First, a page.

The Roman poet Ovid wrote about the humanity’s creation: “…Prometheus, blending them with streams of rain, molded them into an image of the all-controlling gods. While other animals look downwards at the ground, he gave human beings an upturned aspect, commanding them to look towards the skies, and, upright, raise their face to the stars.” This workshop will focus on writing poems based on raising our face to the stars. Too many writers shy away from anything close to this topic because the idea of it reminds them of something between church bulletin poetry and Mother’s Day cards. But writers since Homer have wrangled with our relationship to what lies beyond what we can see, and feel, and taste. We will use prompts from writers as disparate as Homer, Milton, Pattiann Rogers, Mary Oliver, Faith Shearin, and Li-Young Lee, and we will also write poems inventing new saints for whatever quirky thing needs a saint.
  • Nina Mukerjee Furstenau (Room K)
    “Using the Senses to Write Foodstory & Place”
    Loading stories with precision descriptions is not enough, good story grabs your gut, tightens your throat, makes your heart race and your lungs pump, brings tears to your eyes or an explosion of laughter to your lips, as it says In the Writer’s Journey. That reaction, right there, is directly tied to sensory writing. Combine that with the fact that food is place and you get a powerful one-two punch in your work that resonates across cultures.
  • Gary Copeland Lilley (Room J )
    “The Dead Poem Society”
    It’s about resurrecting them. That’s right, you know those dead poems I’m talking about. We all have them. Perhaps you have triaged them as needing life support, but those ghost poems keep nagging at you. Join Gary Copeland Lilley at a workshop about revision, and a re-visioning of the poem from the central images and essential details. Join others and become the poem-whisperer that you need to be. Check out the crafting skills that will sharpen images, enhance the rhythm and musicality, and doing it all without blowing up your original draft. Absolutely true, this ain’t snake-oil, this is putting a heartbeat into the poem using those words that you’ve already written. Yes, you can make your dead poems come alive.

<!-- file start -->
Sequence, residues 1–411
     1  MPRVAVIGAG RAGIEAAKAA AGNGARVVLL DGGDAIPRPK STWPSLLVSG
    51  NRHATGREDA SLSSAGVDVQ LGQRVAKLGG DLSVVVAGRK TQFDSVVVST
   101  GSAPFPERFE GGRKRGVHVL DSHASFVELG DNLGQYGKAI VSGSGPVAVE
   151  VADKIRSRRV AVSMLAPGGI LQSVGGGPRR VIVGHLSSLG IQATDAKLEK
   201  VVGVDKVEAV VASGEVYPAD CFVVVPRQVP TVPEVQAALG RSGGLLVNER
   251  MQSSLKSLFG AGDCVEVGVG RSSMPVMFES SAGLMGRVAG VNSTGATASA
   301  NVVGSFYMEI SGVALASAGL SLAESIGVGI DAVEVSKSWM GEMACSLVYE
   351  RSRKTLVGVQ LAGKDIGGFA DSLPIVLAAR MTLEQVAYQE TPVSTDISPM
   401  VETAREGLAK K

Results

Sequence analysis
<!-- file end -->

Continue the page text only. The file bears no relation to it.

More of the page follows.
5:30-6:15—Readings by Sam Ligon; Dana Levin

9:00—Reading by Donna Miscolta (Building 262); open-mike to follow.

Wednesday, July 19

8:15-8:45—Breakfast

9-11:30—Morning Workshops

  • Erin Belieu (Room I)
  • Kate Trueblood (Room J)
  • Alexandra Teague (Room F)
  • Dana Levin (Room O)
  • Sam Ligon (Room N)
  • Dan Chaon (Room K)
  • Sayantani Dasgupta (Room H)
  • Melissa Febos (Room M)
  • Priscilla Long (Room D)
  • Mark Doty (Room L)

11:45-12:30—Lunch

1-1:50—Afternoon Craft Lecture by Sam Ligon (Room D)

1-1:50—Afternoon Craft Lecture by Alexandra Teague (Room H)

2-3:30—Afternoon Workshops

  • Kate Lebo (Room K)
    “Food and the Essay”
    The best essays approach the unsayable or try to uncover ideas that would prefer to stay hidden. Food can appear, at first, like the wrong vehicle for this pursuit, given the general expectation that when one writes about food, one must render the subject deliciously. When we turn that expectation on its head—using food to reach for the unpalatable—food can help us break into subjects, stories, and memories in complicated, compelling ways. We’ll read essayists and memoirists who use food to approach hard truths and difficult topics, and we’ll generate our own writing that strikes the same balance.
  • Kami Westhoff and Elizabeth Vignali (Room H)
    “Why Write Collaboratively?”
    Most people think of writing as a solitary act, yet ultimately the goal of a writer is to connect with their reader. Through collaborative writing, a writer can connect in a more immediate, tangible way. There are nearly as many ways to collaborate as there are types of people, so anyone can find a collaborative process that works for them. In this workshop, we’ll examine a variety of collaborative projects, and engage in various collaborative exercises that encourage us to venture outside our comfort zones and ultimately enable us to grow as writers.
  • Emily Kendal Frey (Room M)
    “Remaking the Made: A Generative Workshop”
    This poetry workshop will focus on generating work. However, we will approach this task from a non-traditional place that acknowledges the breaks or cracks, the tender “unworking” places in a poem. Discussions will be centered around enhancing the workable and vital aspects of a new piece of writing in relationship to this “place of failure” so that we might write from that place/ reinvent it/go deeper into it/talk to it/polish it/set it free.
  • Susan Landgraf (Room F)
    “Looking for Epiphany”
    Czeslaw Milosz writes that, “Epiphany is an unveiling of reality…Epiphany thus interrupts the everyday flow of time and enters as one privilege moment when we intuitively grasp a deeper, more essential reality hidden in things or persons.” At one time, Milosz says, in a “polytheistic antiquity,” epiphanies existed everywhere, every moment with dryads, nymphs, and the gods that walked the earth looking like humans. Epiphanies still exist. We just need to keep our eyes open and be quiet to find them–that which exists that we didn’t see before. Milosz says that an artist needs to “capture and preserve one moment, which becomes, indeed, eternal.” We’ll look at a number of short poems, finding irises, moths, a spider web, black silk, and blue clay and deer, among other things in this field of epiphanies; brainstorm a list of things; and write an epiphany.